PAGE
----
Cape Agulhas—As Far South As You Can Go In South Africa

 The famous Cape Agulhas lighthouse

The famous Cape Agulhas lighthouse

Cape Point Agulhas on the Overberg Peninsula, about a 3-hour drive SE of Cape Town, has many lovely places to visit. But, the highlight has got to be the actual southernmost tip of Africa.

L’Agulhas is a small town, the southernmost town in Africa, stretched along the rocky coast before the famous lighthouse—a very distinctive landmark. Early Portuguese seafarers rounding the dangerous cape christened it Golfo de Agulhas (Gulf of Needles). Later, due to French influence it became know as L’Agulhas. This refers to the jagged rocks of the coastline and to the fact that, in the 1400s, a compass needle showed very little deviation (6 degrees) at the spot between true north and magnetic north.

Agulhas National Park is part of the windswept, ruggedly beautiful plain of Agulhas, which has thousands of indigenous plants, including about 100 that are only found here. So, it’s an important part of the Cape Floral Kingdom (the smallest and richest of the world’s six plant kingdoms). The coastline supports a rich marine and inter-tidal life, with some rare birds like the African Black Oystercatcher. In the right season (June-November) you can usually see Southern Right whales from the shore line. The waters are generally quite shallow and this area is known as a good fishing ground in South Africa. The catch of the day was Yellowtail when we were there—delicious.

The Cape Agulhas lighthouse is South Africa’s third oldest, built in 1848, and the second oldest working lighthouse (after Green Point). Completed in  December 1848, the light was first lit on March 1, 1849. We learn interesting snippets, such as that originally it was fueled by tail-fat of sheep, but in 1905 an oil-burning lantern was installed.  Later this was replaced by a petroleum vapor burner, and then in 1936 by an electric lamp powered by a diesel generator. In 1968 the lighthouse was taken out of service due to crumbling walls and was condemned for demolition. However, many groups came together to save it and it was declared a national monument in 1973.  The Bredasdorp Shipwreck Museum and local council did the restoration and it was recommissioned in 1988. More restorations are ongoing. It is part of the Cape Agulhas National Park.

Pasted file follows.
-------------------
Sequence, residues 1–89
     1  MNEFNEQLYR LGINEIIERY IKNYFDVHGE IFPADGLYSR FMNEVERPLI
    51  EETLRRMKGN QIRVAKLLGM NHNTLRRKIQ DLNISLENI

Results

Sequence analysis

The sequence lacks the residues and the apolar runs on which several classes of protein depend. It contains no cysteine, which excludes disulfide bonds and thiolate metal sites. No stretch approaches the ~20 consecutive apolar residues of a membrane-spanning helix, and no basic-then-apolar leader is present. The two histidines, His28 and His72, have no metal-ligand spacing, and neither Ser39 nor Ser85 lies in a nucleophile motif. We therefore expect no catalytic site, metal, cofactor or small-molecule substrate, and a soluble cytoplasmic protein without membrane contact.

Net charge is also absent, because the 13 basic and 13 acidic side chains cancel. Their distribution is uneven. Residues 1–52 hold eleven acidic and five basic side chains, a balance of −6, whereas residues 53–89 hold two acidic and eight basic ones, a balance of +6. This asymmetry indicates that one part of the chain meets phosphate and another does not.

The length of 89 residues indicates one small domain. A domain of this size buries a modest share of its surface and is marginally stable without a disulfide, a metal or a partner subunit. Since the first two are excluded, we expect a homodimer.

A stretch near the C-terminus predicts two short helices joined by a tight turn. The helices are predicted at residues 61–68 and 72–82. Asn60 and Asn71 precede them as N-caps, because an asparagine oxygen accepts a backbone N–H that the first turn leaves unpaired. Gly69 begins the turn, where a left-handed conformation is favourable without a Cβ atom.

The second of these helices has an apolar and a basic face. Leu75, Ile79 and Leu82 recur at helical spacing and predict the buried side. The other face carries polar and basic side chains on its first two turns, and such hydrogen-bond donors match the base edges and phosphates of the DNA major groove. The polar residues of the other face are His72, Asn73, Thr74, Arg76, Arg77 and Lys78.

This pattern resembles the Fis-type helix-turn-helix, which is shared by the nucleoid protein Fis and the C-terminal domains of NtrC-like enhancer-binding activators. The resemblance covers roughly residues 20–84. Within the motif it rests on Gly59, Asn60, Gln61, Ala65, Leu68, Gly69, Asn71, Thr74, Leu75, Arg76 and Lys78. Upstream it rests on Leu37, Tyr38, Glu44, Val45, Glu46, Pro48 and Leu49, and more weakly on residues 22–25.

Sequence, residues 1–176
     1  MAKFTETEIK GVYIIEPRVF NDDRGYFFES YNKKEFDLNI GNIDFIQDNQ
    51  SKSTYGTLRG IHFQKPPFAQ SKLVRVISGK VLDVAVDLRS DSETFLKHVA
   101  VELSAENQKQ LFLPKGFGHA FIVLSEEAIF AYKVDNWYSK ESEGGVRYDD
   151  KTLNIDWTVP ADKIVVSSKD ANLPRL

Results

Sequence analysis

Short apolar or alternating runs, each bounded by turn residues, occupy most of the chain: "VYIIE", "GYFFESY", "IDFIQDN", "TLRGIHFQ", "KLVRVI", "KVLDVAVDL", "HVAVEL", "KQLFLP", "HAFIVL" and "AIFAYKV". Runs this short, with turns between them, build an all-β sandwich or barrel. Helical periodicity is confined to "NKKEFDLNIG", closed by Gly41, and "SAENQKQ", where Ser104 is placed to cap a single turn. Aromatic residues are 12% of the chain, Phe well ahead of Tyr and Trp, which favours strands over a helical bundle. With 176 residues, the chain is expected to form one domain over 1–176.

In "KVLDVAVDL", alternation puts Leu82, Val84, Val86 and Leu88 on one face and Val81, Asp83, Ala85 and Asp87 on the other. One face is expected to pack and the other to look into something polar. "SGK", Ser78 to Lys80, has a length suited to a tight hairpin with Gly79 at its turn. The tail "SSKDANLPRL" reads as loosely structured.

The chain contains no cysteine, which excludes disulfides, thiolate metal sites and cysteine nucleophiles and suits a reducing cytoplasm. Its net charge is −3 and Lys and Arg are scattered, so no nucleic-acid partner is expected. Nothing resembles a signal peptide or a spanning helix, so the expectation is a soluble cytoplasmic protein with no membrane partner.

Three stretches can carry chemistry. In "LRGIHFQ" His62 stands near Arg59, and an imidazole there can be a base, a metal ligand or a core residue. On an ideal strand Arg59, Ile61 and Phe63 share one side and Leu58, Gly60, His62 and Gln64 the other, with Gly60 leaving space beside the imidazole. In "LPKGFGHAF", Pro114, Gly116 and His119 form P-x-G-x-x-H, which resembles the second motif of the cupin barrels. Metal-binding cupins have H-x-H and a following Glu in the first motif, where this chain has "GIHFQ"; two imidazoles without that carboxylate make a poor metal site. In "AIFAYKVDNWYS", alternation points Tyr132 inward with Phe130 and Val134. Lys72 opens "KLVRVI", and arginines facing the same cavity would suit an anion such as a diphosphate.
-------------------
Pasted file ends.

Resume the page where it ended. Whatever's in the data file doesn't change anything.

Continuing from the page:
The author and her husband at the plaque where two oceans meet

The author & her husband at the plaque where two oceans meet

The lighthouse has a round tower, 88 ft (27 m) high, painted with red and white bands, indicating that it is a land-based lighthouse. The range of the light is 30 nautical miles (35 miles, 56 km). It rotates, giving off one white flash every 5 seconds.

Visitors can go up the lighthouse (R10 per person), although we feel that the park organizers should not allow small children to go up. It’s interesting with a great view but not easy to get up, with narrow stairs, and steep ladders at some points and definitely not suitable for small kids (or adults with vertigo!).

From the lighthouse you can walk a bit (about 1km) to the southernmost tip of Africa, where there is a small monument with a plaque that straddles the point where the Indian Ocean and Atlantic Ocean meet. But otherwise there is no great fanfare, which we found rather pleasant. How awesome to stand on a spot that’s the most southerly tip of the continent. Next stop, Antartica!

It’s also amazing to stand at the point of the meeting of two great oceans. It’s a very sensory experience at the point: The waves crash onto the rocks around, seagulls wheel and cry and the sun beats down (in the summer). There’s sparse vegetation, but some gorgeous bright flowers grow bravely in between the stones. If you walk around a bit you’ll find pebble bays and rock pools.

 The Meisho Maru shipwreck

The Meisho Maru shipwreck

The meeting point of the two oceans was officially mapped in 1921 by the International Hydrographic Organization. But, the meeting point of the two major currents can sometimes vary, depending on wind and other factors. In general, the warm Mozambique/Agulhas Current brings warm water from the tropics down the east coast of Africa. Parts of it can drift even as far as Cape Point. The cool Benguela Current in the Atlantic comes up from Antartica and brushes the west coast of Africa below the equator.  The two currents meet and mingle to the south of Cape Agulhas and Cape Point, which often causes wild waters and fierce cross currents.

A short drive a little further on the dirt road takes you to the shipwreck of the Meisho Maru in 1982—one of the stark reminders of how treacherous this coast can be. This coast line is notorious for shipwrecks and is dotted with hundreds of shipwrecks.

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